Use 5 W’s and H to Write Queries That Work

For better or worse, the query letter is one of the most important keys to a writer’s success–especially for the unknown writer. The reason is simple: queries act as a sort of interview for prospective writers with future partners, who may be paying the writer in question money or, at the very least, devoting a lot of time to the writer’s work.

The manuscript and writing ability may be amazing, but most editors and agents don’t even request the manuscript or make assignments until they get interested in the query. So what brand of magic should writers be stuffing into these query letters?

Actually, it doesn’t require any incantations or hocus pocus. Rather, a writer should think like a journalist and handle the query process by using the 5 W’s and H.

Here’s how to use the 5 W’s and H to write queries that work:

  • Figure out who. Who do you need to contact? This might include the name of the magazine or book publisher, but you also want to learn the specific name of the editor if possible. Websites may hold the answer, and you may be able to call into the office (or send an e-mail) to ask. When in doubt with magazines, just grab a current issue and find out who the managing editor is on the masthead.
  • Figure out where. Once you have a name, search for where to send your query. It may be an e-mail address or online submission form. Some places may even want the submission sent via post.

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  • Figure out what. What do the editors or agents want? What do you have to sell them? If the two don’t sync, then your chances of success plummet. Agents that handle nonfiction animal books do not want fantasy trilogies (even if it’s Lord of the Rings times eleven). That said, your odds of success improve dramatically when you find a match between what you’ve written and what the editors and/or agents want.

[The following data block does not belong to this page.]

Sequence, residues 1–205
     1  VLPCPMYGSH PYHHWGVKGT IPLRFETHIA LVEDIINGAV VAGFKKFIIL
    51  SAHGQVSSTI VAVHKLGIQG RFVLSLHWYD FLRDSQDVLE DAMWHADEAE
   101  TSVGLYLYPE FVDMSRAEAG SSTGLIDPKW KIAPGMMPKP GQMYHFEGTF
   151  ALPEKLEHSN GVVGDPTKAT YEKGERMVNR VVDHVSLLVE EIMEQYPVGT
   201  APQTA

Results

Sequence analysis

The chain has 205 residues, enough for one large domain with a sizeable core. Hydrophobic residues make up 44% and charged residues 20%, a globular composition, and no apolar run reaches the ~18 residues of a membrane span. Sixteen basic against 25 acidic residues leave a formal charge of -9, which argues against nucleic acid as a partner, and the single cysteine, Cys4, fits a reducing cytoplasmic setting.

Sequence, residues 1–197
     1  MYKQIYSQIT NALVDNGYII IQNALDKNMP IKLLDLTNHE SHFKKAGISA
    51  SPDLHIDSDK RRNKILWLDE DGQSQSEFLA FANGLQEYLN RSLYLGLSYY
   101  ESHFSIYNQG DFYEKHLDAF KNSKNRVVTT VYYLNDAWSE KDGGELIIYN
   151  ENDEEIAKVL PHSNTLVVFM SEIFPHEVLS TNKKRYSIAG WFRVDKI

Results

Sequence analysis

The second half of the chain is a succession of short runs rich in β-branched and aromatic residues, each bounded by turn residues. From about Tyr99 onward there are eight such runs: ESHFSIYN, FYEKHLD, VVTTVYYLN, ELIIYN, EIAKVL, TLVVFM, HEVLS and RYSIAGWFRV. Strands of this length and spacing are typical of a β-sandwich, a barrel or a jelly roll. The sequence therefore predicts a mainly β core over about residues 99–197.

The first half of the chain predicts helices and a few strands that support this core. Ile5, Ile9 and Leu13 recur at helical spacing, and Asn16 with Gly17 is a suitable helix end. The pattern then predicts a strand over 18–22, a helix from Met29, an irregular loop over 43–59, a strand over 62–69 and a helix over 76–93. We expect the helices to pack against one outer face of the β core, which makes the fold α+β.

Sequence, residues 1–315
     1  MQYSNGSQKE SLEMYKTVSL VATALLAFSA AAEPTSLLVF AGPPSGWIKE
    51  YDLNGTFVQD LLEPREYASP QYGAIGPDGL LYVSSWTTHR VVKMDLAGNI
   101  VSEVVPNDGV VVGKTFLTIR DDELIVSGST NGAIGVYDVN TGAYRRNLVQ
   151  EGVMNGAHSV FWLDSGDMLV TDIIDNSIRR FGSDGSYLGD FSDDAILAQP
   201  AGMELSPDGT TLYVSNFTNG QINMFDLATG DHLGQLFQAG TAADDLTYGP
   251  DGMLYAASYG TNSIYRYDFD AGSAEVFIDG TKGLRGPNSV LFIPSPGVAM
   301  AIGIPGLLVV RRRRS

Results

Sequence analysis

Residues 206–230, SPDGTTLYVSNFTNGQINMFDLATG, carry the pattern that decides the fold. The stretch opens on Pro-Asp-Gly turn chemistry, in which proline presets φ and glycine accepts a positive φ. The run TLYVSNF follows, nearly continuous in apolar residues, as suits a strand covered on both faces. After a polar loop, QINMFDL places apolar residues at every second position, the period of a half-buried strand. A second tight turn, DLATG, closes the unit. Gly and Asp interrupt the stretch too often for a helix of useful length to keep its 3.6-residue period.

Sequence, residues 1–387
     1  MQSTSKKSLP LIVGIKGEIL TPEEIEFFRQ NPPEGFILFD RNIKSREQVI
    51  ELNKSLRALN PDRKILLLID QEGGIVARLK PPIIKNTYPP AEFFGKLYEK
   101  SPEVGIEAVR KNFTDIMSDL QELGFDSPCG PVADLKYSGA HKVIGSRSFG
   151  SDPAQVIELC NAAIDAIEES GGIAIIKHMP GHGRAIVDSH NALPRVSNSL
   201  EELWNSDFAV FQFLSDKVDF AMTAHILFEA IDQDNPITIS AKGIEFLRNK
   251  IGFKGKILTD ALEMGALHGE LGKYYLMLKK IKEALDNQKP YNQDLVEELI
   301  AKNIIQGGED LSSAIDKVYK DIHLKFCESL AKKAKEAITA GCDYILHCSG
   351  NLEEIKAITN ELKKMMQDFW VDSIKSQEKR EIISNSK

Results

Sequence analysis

• Figure out when. Many places have rolling submission periods. This means they review submissions year round. However, there are also several markets that only consider submissions during specific reading periods. For instance, a publisher may only read submissions one month out of the year, or a magazine may have certain periods in which they will allow submissions for upcoming issues. Submission guidelines often include this information. If nothing is said on the issue, it’s usually safe to assume they have a rolling submission policy.
  • Figure out how. How does the market want you to submit your material? This goes back to where, but also, how do they want the query written? How do they want their book proposals put together? Don’t get cute here. Follow the guidelines.

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Improve your query!

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  • Figure out why. This is maybe the most important element of the actual query letter. You need to find the right market, connect with the right person on the right project, and submit in the right way… but you also have to answer the question: Why? Why this project? Why you as the author? Why does (or should) anyone care? Why will they read more magazine issues as a result? Why will they buy the book? Watch the movie? And so on. Figure out the why and spell it out in the opening sentence and then back it up throughout the query. If you can do that, then you will find more success with your queries.

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Follow me on Twitter @robertleebrewer

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